What effect has the GDPR had so far?
The GDPR requires controllers to report data breaches to the relevant supervisory authority, generally that country’s Data Protection Office, within 72 hours. This new requirement has shined a light into how often personal data is exposed. One survey showed that nearly 60,000 data breaches were reported in the first eight months after the GDPR went into effect.
It has also led to significant investment in hiring and training privacy personnel and purchasing privacy technology. Nearly 80 percent of the companies responding to the EY-IAPP survey said privacy training was their priority for GDPR compliance this year. In the same survey, a quarter of companies said they had changed their data processor due to the GDPR, and fewer than half expect to keep their current processor. The GDPR has created a massive new marketplace for secure-by-design technology and services.
Finally, the GDPR has led to a groundswell in awareness about how personal data are handled and how many organizations process personal data every day. Data protection laws were signed in California and Brazil that openly cite the GDPR as an inspiration. Other countries around the world have also begun debating their own data protection laws as well. It seems like it is only a matter of time before there is an American version of the GDPR.
How many fines have been assessed under the GDPR?
According to one study, only 91 fines have been assessed under the GDPR — although one was the record-setting €50 million fine against Google. Given that there were almost 60,000 reported data breaches, this is almost certainly an underrepresentation. And 2019 should see a dramatic acceleration of GDPR enforcement. This year, data protection agencies were busy staffing up, answering compliance questions, and interpreting the GDPR for themselves, same as companies. This year, data protection agencies will be more able to pursue investigations. Furthermore, privacy advocates, like the nonprofit None of Your Business and the French Association La Quadrature du Net have already filed dozens of GDPR complaints against major corporations, like Google, Facebook, Instagram, and WhatsApp. As these complaints work their way through the system, it is likely we will see more major fines against some of the world’s largest corporations. As Raegan MacDonald, the Head of EU Public Policy at Mozilla told The Next Web, “I suspect that if 2018 is the year of implementation, 2019 will be the year of enforcement.”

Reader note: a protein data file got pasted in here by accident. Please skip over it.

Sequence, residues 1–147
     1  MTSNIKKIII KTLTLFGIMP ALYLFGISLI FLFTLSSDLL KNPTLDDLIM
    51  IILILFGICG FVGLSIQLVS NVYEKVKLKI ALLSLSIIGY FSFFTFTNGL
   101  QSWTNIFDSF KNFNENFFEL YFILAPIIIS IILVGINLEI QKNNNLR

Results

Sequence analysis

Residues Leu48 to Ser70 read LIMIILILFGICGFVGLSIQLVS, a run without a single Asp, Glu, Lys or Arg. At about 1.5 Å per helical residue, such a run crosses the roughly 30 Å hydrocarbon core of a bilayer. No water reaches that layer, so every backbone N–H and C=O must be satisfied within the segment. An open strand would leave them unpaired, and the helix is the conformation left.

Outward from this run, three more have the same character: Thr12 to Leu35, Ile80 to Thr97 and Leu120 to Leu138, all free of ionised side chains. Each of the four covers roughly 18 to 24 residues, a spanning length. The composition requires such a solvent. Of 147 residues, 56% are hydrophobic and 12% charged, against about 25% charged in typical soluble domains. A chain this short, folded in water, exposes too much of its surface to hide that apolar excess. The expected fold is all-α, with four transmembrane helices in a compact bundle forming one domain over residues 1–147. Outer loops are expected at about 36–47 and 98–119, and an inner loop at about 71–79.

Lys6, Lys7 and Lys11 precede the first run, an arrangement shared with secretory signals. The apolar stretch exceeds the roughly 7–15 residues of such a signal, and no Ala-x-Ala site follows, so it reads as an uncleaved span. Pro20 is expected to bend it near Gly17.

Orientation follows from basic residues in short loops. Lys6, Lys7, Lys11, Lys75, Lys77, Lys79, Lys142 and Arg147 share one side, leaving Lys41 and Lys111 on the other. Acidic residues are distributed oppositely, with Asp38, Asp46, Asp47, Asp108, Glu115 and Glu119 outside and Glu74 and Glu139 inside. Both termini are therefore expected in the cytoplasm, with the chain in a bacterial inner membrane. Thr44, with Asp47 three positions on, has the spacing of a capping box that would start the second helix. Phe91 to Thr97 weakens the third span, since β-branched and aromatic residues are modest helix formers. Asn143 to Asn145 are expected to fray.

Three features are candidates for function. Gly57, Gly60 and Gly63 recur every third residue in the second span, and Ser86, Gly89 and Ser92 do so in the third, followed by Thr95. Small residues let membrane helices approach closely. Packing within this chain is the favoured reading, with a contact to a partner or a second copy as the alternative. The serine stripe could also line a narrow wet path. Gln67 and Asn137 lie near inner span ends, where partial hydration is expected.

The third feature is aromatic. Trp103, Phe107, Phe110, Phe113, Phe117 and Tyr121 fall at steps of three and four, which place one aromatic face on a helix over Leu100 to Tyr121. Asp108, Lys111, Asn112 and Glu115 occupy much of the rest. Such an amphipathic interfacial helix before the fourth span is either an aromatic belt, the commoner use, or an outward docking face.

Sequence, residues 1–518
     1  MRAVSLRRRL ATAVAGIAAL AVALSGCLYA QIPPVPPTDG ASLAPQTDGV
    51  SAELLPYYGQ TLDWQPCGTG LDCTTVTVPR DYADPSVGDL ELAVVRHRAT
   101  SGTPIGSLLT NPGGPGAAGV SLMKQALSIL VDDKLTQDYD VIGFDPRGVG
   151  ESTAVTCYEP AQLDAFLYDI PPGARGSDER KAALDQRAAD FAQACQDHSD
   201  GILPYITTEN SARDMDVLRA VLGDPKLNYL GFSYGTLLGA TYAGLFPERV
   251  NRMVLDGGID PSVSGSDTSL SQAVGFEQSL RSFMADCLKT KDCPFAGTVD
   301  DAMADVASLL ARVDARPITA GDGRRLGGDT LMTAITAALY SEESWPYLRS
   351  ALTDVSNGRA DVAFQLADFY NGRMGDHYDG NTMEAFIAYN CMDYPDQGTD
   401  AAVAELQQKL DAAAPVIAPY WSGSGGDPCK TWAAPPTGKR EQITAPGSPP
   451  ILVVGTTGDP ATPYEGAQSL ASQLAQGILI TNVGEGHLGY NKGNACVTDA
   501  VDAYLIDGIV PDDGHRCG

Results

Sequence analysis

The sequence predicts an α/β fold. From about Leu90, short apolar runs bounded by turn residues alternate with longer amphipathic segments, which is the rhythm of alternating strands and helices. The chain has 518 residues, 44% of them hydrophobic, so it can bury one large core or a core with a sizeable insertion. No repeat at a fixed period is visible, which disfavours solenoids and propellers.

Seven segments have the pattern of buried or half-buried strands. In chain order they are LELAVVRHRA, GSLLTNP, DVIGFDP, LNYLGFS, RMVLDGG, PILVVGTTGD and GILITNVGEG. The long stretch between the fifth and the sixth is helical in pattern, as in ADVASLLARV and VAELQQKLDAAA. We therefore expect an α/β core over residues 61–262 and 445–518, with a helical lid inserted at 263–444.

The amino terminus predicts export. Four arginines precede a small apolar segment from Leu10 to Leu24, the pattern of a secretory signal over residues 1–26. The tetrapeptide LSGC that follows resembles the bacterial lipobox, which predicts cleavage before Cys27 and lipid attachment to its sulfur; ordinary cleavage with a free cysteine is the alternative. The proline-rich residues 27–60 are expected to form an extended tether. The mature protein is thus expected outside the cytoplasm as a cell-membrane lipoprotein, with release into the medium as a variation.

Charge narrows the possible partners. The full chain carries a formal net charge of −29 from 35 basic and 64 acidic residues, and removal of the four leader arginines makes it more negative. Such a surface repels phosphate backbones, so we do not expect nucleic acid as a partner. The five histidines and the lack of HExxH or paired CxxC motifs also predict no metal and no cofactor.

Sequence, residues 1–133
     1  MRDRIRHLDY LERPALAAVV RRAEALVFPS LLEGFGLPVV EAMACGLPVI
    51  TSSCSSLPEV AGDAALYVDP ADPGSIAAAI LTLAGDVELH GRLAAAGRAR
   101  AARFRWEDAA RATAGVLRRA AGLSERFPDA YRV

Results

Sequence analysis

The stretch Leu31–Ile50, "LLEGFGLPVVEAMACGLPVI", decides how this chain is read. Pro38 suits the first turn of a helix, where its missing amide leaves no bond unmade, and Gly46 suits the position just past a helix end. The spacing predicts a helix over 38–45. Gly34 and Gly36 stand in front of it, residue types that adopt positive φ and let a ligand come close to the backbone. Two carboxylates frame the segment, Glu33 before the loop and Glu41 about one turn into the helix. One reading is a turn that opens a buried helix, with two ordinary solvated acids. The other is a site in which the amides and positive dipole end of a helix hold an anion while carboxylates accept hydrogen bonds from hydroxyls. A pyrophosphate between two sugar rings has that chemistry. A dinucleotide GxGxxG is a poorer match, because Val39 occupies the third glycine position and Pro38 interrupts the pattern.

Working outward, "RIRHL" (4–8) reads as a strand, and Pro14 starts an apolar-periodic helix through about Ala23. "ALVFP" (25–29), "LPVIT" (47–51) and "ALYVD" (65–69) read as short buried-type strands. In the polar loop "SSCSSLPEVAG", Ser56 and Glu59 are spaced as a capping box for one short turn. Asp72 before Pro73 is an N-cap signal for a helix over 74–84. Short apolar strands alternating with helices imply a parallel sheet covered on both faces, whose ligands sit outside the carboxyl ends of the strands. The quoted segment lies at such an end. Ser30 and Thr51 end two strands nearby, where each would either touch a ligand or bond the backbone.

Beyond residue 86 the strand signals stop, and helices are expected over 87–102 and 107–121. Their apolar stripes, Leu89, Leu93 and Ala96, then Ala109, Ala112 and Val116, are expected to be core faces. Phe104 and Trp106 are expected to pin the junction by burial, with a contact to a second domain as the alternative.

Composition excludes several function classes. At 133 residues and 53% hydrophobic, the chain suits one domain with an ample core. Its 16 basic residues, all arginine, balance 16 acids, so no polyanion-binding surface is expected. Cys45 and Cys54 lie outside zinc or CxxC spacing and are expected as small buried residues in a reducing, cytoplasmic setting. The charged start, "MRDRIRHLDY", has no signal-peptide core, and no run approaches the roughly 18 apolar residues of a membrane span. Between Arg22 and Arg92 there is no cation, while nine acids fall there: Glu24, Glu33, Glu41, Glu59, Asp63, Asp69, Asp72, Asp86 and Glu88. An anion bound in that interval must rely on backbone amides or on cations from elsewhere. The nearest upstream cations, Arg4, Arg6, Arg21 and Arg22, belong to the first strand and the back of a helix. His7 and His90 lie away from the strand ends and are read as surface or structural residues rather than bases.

Is the GDPR impossible to comply with?
We end where we began. The GDPR is undoubtedly a complicated document, but encouragingly, it seems less complex now to the privacy professionals tasked with implementing it than it did last year. Respondents to the EY-IAPP survey have given progressively lower difficulty scores for nearly every GDPR compliance responsibility each year since the survey began in 2017.
The majority of businesses and consumers actually appreciate what the GDPR stands for: keeping data safe and giving individuals greater control. It seems likely that its principles will spread globally. While there has been a lag in enforcement over the past year, companies put off GDPR compliance at their own peril. With the right resources and some dedication, all organizations can take the steps necessary steps to protect their users data.
For more help complying with the GDPR, click over to our GDPR checklist.